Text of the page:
The Flyers might actually be decent

The Flyers might actually be decent

Overcoming nine losses in 12 games to start the season, ridiculous injuries and the albatross that is Andrej Meszaros’ part time work on defense, the Flyers have shown something that seemed utterly unbelievable in October:

They might actually be a somewhat decent team.

Since flopping out of the gate and firing coach Peter Laviolette, the Flyers have slowly developed into a formidable foe in the Eastern Conference. And while being OK in the Metropolitan Division isn’t anything to be proud of, the Flyers’ recent 3-1-0 road trip against the Western Conference shows they have the ability to win in less than stellar circumstances.

Beginning the season with a 3-9-0 record, the Flyers were closer to a top-5 draft pick than a playoff spot. Since then, the team has gone 17-8-4 (7-2-1 in their last 10) and wiggled into playoff position, two points behind the Washington Capitals for second in the Metro.

And this isn’t a mirage, random spike in success or a feast on bad teams -- this is a two-month upswing against fairly decent competition. Over their last 29 games, the Flyers’ average competition managed a 19-17-4 record and 42 points, which would put them somewhere between the New York Rangers and Ottawa Senators, two fringe playoff teams.

The major reason for the Flyers’ winning resurgence has been individual players waking up from their statistical slumbers in the last 25 games. In particular, Flyers center and offensive catalyst Claude Giroux has almost single-handedly brought the club’s offense up the NHL rankings with an insane burst.

Pointless through the first five games of the season, Giroux was without a goal for the opening 15 games. But once he got his first on Nov. 9 against the Edmonton Oilers, the rest of the team followed, and the club began to compete.

In the 25 games after scoring his first, Giroux has been all-world, posting 29 points (10g, 19a). He’s had nine multi-point games and gone scoreless just seven times during that span. He is currently scoring at a near 100-point pace since busting his slump.

It’s that production, and some fortunate line chemistry, that has unlocked the Flyers’ attack and turned them from a lottery team to a playoff contender.

Wayne Simmonds, once believed to be trade bait, has caught fire, scoring 22 points in his last 25 games. With a jumping deflection goal against the Avalanche on Thursday, Simmonds took the Flyers’ goal-scoring lead with 13 -- a remarkable feat considering he had just one tally through his first 18 games.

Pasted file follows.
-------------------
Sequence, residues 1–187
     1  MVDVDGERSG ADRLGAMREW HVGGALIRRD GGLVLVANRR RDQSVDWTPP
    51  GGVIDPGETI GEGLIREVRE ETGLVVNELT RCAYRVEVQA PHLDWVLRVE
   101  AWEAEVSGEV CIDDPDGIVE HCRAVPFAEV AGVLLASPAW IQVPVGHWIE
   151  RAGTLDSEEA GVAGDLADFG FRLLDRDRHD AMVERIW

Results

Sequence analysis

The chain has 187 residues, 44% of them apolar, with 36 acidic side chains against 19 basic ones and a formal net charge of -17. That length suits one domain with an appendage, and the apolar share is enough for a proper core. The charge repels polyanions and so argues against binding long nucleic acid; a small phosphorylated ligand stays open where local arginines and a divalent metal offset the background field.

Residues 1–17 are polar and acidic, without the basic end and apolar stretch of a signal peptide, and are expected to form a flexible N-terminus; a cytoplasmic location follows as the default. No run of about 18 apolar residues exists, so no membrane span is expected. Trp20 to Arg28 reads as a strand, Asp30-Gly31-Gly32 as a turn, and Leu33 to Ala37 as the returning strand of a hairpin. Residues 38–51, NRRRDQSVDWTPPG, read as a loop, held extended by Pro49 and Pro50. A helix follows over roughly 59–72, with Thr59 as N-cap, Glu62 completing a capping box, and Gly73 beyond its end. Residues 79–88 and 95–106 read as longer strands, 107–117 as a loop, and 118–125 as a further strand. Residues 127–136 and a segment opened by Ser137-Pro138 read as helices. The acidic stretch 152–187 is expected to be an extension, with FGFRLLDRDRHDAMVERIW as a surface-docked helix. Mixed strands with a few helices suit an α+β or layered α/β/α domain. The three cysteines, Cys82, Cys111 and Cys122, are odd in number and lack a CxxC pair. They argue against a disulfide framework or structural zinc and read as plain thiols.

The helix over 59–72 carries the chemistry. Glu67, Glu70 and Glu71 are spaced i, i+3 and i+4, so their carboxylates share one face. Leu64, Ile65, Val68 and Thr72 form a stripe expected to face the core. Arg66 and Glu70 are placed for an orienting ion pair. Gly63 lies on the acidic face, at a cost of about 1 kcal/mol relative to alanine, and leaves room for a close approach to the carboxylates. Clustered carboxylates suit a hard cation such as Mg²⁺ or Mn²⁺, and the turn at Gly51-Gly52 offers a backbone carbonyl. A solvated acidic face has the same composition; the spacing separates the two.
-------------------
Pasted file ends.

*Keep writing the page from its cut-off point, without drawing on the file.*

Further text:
Jake Voracek also joined the production game. Like Simmonds, Voracek has added 22 points in his last 25 games. He had just five through his opening 16.

Scoring just two points in his first 12 games of the year, even Scott Hartnell has gotten into the act. Hartnell has 18 points in his last 25 games, despite being shifted all over the lineup.

But a surge in offense means nothing if the Flyers can't defend. That's where Steve Mason comes in. A guy everyone expected to fall flat on his face, Mason has handed the Flyers a .930 save percentage or above in 10 of his last 19 games.

And in using that combination, the Flyers have pushed past the .500 record mark and transformed from a poor team to a surprisingly decent one.

As Eagles enter bye, Doug Pederson aims to thwart complacency

As Eagles enter bye, Doug Pederson aims to thwart complacency

The Eagles are 3-0. They’re alone atop the NFC East and have been the biggest surprise of the young NFL season.

Doug Pederson’s message to his team: You haven’t done anything yet.

Although the Eagles are riding high, Pederson doesn’t want his team to change its outlook or hard work. That’s what teams have to worry about once they’ve found some success.

“The biggest thing is complacency,” Pederson said Monday. “You think you've arrived. You think you are all that. When that creeps in, that's when you get beat. It's my job not to let that creep in. I've got to keep the guys focused and grounded. I told them this week they're going to travel and go home and people are going to pat them on the back and say how great they are.

“But next Monday, I'm going to tell them, ‘Hey, we're back to work. We're 0-0. This is Game 1 and let's go.’ That's just the way it has to be. You are building for one ultimate goal and that's a few weeks down the road. That's what you are trying to get to. But you can't get there unless you take care of the next opponent. It's my job to keep them focused that way.”

Being 3-0 (they’re one of five 3-0 teams) gives the Eagles a head start, but it certainly doesn’t guarantee them a playoff spot. This is the ninth 3-0 start in franchise history. They’ve made the playoffs just five times in the previous eight. And they recently missed the playoffs after starting 3-0 in 2014 under Chip Kelly.

In NFL history (before this season), there have been 276 teams to start with 3-0 records. Of them, 200 (72.3 percent) have made the playoffs.